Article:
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September 24, 2008 1:15 PM

Clifford Chance, Herbert Smith, and Slaughters on $23 Billion European Energy Deal

Posted by Brian Baxter

Sibling publication Legal Week reports that some of Britain's finest legal advisers have turned out for the nuptials between British Energy and Electricité de France.

Clifford Chance, Herbert Smith, and Slaughter and May are advising on a deal that would reportedly see Paris-based EDF, the world's largest nuclear utility, acquire Livingston, Scotland-based British Energy for $23 billion.

The merger agreement comes roughly six months after British Energy--the U.K.'s largest generator of electricity--revealed that it was speaking to several suitors about a potential buyout. At the time, the company appointed Clifford Chance as its lead legal adviser in takeover talks, with London-based M&A partner Mark Poulton heading up a team from the firm.

The British government owns a sizeable stake in British Energy as a result of the company's recent two-year restructuring, during which the government invested nearly $3.7 billion in the aging energy giant. (British Energy owns a slew of U.K. nuclear power plants that are near the end of their life cycles.) Slaughter and May has been retained by the British government to advise it on the company's potential sale to EDF.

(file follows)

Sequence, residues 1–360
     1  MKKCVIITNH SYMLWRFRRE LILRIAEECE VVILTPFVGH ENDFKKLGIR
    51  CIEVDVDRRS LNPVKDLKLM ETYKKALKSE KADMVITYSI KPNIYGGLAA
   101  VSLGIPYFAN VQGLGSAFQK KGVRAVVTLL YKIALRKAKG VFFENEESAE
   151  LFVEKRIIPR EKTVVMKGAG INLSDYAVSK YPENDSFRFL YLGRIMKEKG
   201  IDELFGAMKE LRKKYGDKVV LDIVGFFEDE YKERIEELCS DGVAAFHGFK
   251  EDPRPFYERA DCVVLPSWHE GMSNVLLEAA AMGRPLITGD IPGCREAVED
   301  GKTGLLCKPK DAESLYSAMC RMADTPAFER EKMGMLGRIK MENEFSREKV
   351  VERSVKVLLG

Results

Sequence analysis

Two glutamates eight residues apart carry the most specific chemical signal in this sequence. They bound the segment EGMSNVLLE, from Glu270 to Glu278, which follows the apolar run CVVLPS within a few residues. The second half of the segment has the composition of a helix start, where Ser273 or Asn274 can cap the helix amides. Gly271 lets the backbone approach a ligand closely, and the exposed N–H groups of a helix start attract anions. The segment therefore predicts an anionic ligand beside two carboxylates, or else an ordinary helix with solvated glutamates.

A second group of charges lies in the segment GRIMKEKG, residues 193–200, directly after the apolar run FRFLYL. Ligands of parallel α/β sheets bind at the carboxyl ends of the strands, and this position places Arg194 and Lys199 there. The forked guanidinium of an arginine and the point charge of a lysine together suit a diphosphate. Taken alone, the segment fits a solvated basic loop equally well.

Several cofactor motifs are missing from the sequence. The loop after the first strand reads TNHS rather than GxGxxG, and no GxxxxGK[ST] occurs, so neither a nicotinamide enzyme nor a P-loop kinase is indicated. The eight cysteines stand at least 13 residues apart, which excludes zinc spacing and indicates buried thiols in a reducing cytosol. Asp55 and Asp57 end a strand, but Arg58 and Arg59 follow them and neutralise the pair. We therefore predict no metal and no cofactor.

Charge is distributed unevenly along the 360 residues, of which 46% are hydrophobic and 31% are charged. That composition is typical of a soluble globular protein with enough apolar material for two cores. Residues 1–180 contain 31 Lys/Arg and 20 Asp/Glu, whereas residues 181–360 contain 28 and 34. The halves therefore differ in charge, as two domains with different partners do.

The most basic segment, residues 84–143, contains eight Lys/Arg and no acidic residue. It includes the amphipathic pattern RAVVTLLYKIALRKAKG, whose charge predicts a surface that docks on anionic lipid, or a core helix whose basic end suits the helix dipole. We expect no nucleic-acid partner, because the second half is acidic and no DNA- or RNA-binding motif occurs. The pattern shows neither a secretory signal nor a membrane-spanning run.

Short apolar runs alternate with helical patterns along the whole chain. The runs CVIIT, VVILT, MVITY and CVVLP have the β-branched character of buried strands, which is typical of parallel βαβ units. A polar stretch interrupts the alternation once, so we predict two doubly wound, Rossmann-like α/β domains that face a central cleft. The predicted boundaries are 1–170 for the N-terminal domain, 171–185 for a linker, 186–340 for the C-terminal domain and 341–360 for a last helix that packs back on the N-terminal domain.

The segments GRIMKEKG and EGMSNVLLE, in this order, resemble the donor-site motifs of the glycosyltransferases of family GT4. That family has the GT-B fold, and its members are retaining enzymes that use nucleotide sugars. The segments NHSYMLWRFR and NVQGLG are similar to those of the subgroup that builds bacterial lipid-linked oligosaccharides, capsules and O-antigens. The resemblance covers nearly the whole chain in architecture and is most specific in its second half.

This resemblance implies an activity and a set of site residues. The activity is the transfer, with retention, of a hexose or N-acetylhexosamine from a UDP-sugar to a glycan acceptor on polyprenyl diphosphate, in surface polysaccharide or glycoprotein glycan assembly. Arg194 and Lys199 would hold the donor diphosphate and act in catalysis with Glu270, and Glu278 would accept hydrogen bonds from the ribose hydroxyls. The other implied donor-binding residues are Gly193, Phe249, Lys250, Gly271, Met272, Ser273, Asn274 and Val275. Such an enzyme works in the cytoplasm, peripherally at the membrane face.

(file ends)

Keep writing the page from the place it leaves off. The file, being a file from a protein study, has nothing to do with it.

London-based natural resources partner Mark Newbury, the head of the electricity group at Herbert Smith, is leading a large legal team advising EDF that includes M&A partner Michael Shaw. Legal Week's Jeremy Hodges reports that lawyers from the firm's London and Paris offices are working on the deal for EDF, which is owned by the French government.

Centrica, the U.K.'s largest gas supplier, is said to have reached a memorandum of understanding with EDF whereby it would purchase a 25 percent stake in the newly merged entity. Windsor, England-based Centrica had originally planned to bid outright for British Energy, retaining Linklaters for a potential offer.

The acquisition of British Energy will make EDF the U.K.'s largest power provider. The French energy giant is known for its nuclear expertise--77 percent of France's energy derives from nuclear power--and the British government has pushed for a complete overhaul of the country's increasingly outdated nuclear power plants.

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